Vigo County’s COVID-19 case count is at 337 and rising.
The surge of novel coronavirus cases in the past two weeks emphasizes the continued need for social distancing, handwashing and masks, says the county’s top health official.
“Our numbers continue to rise with positive cases, and the good majority of people are symptomatic people,” said Dr. Darren Brucken, the county health commissioner. “It’s here. It’s in the community.”
The majority of the new cases are in people who are not masking or socially distancing, he said.
“That shouldn’t come as a surprise to people,” Brucken said, using the example of relaxed vigilance as parents permit pool parties with young people having sleepovers and then taking coronavirus exposure back home to spread among their families.
“It doesn’t matter if you’re young and healthy and going to get through it,” Brucken said. “It’s about the other people you will expose who can’t get through it.”
Positive cases coming into the county’s hospitals are creeping up, he said, and that is reflective of the trend nationwide.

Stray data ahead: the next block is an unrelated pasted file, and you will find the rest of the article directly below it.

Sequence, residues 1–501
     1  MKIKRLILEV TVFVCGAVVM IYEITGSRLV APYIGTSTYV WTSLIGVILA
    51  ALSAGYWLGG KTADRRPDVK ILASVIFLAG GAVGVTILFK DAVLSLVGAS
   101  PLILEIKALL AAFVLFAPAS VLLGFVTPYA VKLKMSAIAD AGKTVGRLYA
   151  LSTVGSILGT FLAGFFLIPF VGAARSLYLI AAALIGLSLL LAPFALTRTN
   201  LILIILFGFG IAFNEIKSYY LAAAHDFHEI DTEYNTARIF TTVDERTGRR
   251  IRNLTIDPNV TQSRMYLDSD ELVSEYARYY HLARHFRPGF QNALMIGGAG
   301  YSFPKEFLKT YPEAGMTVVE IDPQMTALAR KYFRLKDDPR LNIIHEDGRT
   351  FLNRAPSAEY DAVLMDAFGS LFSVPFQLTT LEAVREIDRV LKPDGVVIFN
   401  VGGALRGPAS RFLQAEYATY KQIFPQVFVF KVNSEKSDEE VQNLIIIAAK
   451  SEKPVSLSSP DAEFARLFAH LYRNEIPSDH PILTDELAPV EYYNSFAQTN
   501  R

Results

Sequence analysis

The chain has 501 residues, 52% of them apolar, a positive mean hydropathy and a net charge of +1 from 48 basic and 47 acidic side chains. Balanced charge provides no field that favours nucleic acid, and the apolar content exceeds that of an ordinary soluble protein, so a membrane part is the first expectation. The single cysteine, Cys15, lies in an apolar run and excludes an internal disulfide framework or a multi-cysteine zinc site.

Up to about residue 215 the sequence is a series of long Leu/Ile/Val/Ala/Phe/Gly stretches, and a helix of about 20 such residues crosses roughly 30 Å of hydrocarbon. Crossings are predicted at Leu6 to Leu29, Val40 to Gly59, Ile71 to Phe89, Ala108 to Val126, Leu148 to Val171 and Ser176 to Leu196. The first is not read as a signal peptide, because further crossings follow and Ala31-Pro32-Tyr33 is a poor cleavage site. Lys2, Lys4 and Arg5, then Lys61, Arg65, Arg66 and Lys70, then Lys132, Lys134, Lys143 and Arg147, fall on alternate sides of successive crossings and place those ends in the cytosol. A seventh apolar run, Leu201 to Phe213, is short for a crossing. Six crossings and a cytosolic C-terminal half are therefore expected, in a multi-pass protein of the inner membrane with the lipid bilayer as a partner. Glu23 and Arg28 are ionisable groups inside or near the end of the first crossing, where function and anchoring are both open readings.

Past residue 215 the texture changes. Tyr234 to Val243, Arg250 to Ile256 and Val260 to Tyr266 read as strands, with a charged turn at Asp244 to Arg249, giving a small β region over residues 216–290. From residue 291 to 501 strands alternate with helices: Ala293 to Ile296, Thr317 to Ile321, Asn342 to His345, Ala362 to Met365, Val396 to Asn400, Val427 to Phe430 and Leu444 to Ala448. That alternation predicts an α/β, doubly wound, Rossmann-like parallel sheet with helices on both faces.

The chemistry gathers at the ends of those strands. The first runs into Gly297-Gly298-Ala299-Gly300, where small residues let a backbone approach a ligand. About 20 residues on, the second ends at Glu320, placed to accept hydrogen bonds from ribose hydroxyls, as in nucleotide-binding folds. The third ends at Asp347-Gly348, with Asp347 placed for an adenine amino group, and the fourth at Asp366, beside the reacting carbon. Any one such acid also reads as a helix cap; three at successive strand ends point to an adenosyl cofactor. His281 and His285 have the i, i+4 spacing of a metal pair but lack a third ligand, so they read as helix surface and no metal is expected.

Seven counties feed into the healthcare hub of Vigo County.
As more cases of COVID-19-related complications come into emergency rooms, the system could get overwhelmed, Brucken said, because other medical emergencies – such as heart attacks, strokes, crashes – will continue to occur.
The governor’s mandate to mask up has come at the right time, if not a little bit late, he said.
“We are seeing that most cases are related to one another,” Brucken said. “We are not scratching our heads wondering where it’s coming from, and that’s the result of contact tracing where we are making the connections to trace exposures.”
Tracking down exposures is time-consuming, he said, but it is the best way to keep track of the virus spread.
With the start of school approaching, many parents and guardians are apprehensive about sending their children back to school.
However, Brucken said, the medical community consensus is comfortable with schools opening based on the worldwide experiences in Europe and Asia where precautions have been utilized.